The management aspect to American Truck Simulator really draws players into feeling as though this is a real world. It’s an immersive experience with the requirement to fill up fuel at gas stations and deciding on when to go to rest stops along with fixing mechanical issues ect. There’s always something to contend with and decide on throughout a job. Sleeping tends to change the day to night and vice-versa depending on the time the rest was activated. It’s imperative that the driver does facilitate rests at appropriate times otherwise the screen goes dark sporadically as the driver yawns in and out of consciousness. For short deliveries with a tired driver its best to fit in that nap before accepting the offer to prevent a mediocre report. On a long journey a rest is expected such is the vast distance and time required to travel.
Within the gameplay settings menu their is a plethora of options available to set and tweak to your own personal satisfaction such as increasing: traffic density, rain likeliness, roadside incidents. The controls and graphics options also have an abundance of options to tweak and dial in.
The real highlight of the game is the sat-nav, the on screen version has so many useful features built in such as distance remaining, fuel meter, tiredness state among many other things including road-side recovery. The on screen device can be reduced in stages or removed completely whereby the built in sat-nav of the truck can be used instead. Whilst it looks more realistic to remove the on screen version it isn’t practical. There are too many important features built-in which warrant keeping it. Mirror captures can be placed either side of the screen for uninterrupted driving. The actual dashboard of the truck is fully operational. It’s visibly possible to drive using just the dashboard to monitor speed, fuel and revs.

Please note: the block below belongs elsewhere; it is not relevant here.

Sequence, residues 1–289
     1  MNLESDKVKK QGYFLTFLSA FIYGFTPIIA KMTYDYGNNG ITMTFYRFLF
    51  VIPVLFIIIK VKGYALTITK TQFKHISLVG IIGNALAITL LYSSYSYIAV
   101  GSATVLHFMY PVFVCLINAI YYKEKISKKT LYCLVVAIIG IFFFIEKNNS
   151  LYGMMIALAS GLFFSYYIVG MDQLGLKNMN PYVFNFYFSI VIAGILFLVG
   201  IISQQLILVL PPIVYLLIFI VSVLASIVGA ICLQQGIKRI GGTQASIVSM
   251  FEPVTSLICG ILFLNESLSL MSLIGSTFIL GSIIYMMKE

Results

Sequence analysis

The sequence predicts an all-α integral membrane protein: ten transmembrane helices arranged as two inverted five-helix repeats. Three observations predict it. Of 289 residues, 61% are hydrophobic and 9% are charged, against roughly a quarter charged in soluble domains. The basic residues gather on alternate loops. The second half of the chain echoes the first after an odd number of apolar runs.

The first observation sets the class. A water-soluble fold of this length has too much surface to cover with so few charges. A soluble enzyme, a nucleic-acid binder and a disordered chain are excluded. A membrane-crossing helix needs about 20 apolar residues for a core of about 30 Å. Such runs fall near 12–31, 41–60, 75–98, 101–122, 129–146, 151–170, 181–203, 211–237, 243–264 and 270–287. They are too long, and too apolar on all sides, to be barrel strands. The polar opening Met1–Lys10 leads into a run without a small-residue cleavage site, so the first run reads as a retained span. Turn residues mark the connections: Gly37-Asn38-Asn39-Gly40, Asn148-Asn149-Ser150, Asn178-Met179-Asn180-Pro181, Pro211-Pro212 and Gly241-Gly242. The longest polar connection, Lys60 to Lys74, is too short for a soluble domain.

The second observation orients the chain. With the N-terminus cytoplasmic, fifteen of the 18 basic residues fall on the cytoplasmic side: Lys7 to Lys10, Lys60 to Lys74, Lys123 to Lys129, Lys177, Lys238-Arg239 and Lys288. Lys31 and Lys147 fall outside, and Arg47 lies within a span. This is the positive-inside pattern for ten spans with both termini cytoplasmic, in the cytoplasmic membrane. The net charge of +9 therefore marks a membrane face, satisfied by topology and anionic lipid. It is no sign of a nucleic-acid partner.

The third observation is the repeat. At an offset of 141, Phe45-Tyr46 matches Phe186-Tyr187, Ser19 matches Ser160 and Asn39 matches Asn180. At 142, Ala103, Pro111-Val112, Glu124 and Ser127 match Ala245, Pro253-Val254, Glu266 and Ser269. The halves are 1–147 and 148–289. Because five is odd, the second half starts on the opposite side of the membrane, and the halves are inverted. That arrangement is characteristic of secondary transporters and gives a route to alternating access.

Engine sounds and mechanical noise such as gears crunching from miss-shifting are noticeable as well as brake-pressure when applying and disengaging the brakes. Rain is also audible as it hits the truck. The trucks horn is fully operational however other road users don’t seem to use there horns as they simply choose to flash their lights. Police sirens do ring when cautioning for speeding. The negative to date is that there are no wildlife sounds available such as birds chirping though this is the case in a lot of games. (Have a look at Train Sim World – West Somerset Railway Add-on for wildlife sounds done perfectly).
Editing and mapping controls is easily done without any complication, allowing for a very comfortable and intuative driving experience when using a wheel. Personally I have tried testing with a controller however I had a difficult time enjoying the ride as it was too twitchy for me though there are many gamers happily enjoying American Truck Simulator with a controller. For me it’s a personal preference to use a wheel and peddle set. The Logitech G920 has been incredible especially with the add-on shifter and it should be noted the cheaper and older Logitech Driving Force GT was perfectly fine too as wheel support is very good with SCS Software titles including the ability to map hotkeys to wheel buttons.